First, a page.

Sunday, October 28, 2012

Three disturbing stories for Halloween (or any other time you wish to be disturbed)

Title: The Damned Thing
Author: Ambrose Bierce
Where I read it: Fifty Great American Short Stories (ed. Milton Crane)

A creepy little horror piece about a man living alone in the wilderness being stalked by something he can't see. The story begins with the coroner examining his body, so you know how it ends for him. All he's left behind as a clue is his journal, where he describes day by day, with growing dread, the thing stalking him. I first read this story years ago and still remembered some of the details. It gets lodged in your brain like a splinter.


Title: Silent Snow, Secret Snow
Author: Conrad Aiken
Where I read it: Fifty Great American Short Stories (ed. Milton Crane)

If I tell you that this is a terrifying story about snow, you might think it's something like a Jack London story with people getting trapped in log cabins in the dead of winter and eating the frozen remains of their friends. But the snow here exists only in the mind of the protagonist, Paul - it's like a static hissing, building up slowly between himself and the rest of the world.

What makes the story so disturbing isn't only that Paul's life is dimming around him, but that he welcomes it; he craves the secret oblivion of the snow and wants the rest of the world to disappear. Is he going insane? Rejecting outer reality for something inward and alien to others? Maybe. That he's the son of typical middle class parents in Anytown, USA heightens the eeriness (there's a Twilight Zone feel to the story). I love how the author takes what could have been an absurd premise and makes it frightening:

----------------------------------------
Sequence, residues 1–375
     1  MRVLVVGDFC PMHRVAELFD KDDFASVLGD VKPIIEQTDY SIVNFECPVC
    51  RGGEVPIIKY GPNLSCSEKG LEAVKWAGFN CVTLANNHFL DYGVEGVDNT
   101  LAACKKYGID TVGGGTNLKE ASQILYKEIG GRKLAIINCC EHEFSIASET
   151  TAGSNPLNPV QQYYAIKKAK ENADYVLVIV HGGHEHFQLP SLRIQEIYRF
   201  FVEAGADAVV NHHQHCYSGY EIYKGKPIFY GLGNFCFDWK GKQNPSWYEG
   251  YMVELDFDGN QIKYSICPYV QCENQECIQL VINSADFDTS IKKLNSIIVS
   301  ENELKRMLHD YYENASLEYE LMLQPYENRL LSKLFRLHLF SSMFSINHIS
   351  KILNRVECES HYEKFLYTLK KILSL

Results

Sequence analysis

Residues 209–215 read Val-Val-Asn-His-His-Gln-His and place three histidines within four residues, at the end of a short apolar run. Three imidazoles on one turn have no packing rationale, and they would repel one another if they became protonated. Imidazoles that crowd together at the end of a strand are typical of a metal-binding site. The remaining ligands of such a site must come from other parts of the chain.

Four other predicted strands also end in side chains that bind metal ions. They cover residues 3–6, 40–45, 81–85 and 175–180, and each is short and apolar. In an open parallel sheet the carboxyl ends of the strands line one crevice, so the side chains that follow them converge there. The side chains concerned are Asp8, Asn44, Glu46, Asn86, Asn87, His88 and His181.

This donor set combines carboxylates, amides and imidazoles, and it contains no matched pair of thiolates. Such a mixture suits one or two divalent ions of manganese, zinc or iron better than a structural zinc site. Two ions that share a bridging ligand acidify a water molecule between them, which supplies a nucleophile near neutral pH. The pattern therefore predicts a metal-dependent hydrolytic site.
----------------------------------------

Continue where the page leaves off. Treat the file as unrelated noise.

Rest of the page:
The hiss was now becoming a roar - the whole world was a vast moving screen of snow - but even now it said peace, it said remoteness, it said cold, it said sleep.


Title: The Tell-Tale Heart
Author: Edgar Allan Poe
Where I read it: The Oxford Book of American Short Stories (ed. Joyce Carol Oates)

"And now have I not told you that what you mistake for madness is but over-acuteness of the senses?"

When it comes to deranged narrators, no one beats Edgar Allan Poe. This one isn't the elegant, depraved madman of The Cask of Amontillado, who lures his victim into the catacombs for an elaborate premeditated demise. The narrator in The Tell-Tale Heart is holding onto his sanity by a thread. His actions are clumsy and sad. When the police arrive he tries so hard to seem sane (I love how, even though everything takes place from his POV, we can guess what the officers are thinking as they listen to him try to make polite chit-chat in the room where he's buried the body). As in The Cask of Amontillado, this narrator has us stand alongside him and witness his crime; he wants us to understand him. But he also has a conscience, which surfaces through the madness.


Other stories in Fifty Great American Short Stories include: The Blue-Winged Teal (by Wallace Stegner) and The National Pastime (by John Cheever); along with The Girls in their Summer Dresses (by Irwin Shaw) and A New England Nun (by Mary E. Wilkins Freeman).


Other stories in The Oxford Book of American Short Stories include: The Middle Years (by Henry James) and Sweat (by Zora Neale Hurston).


This post is shared at the The Short Story Initiative at Simple Clockwork.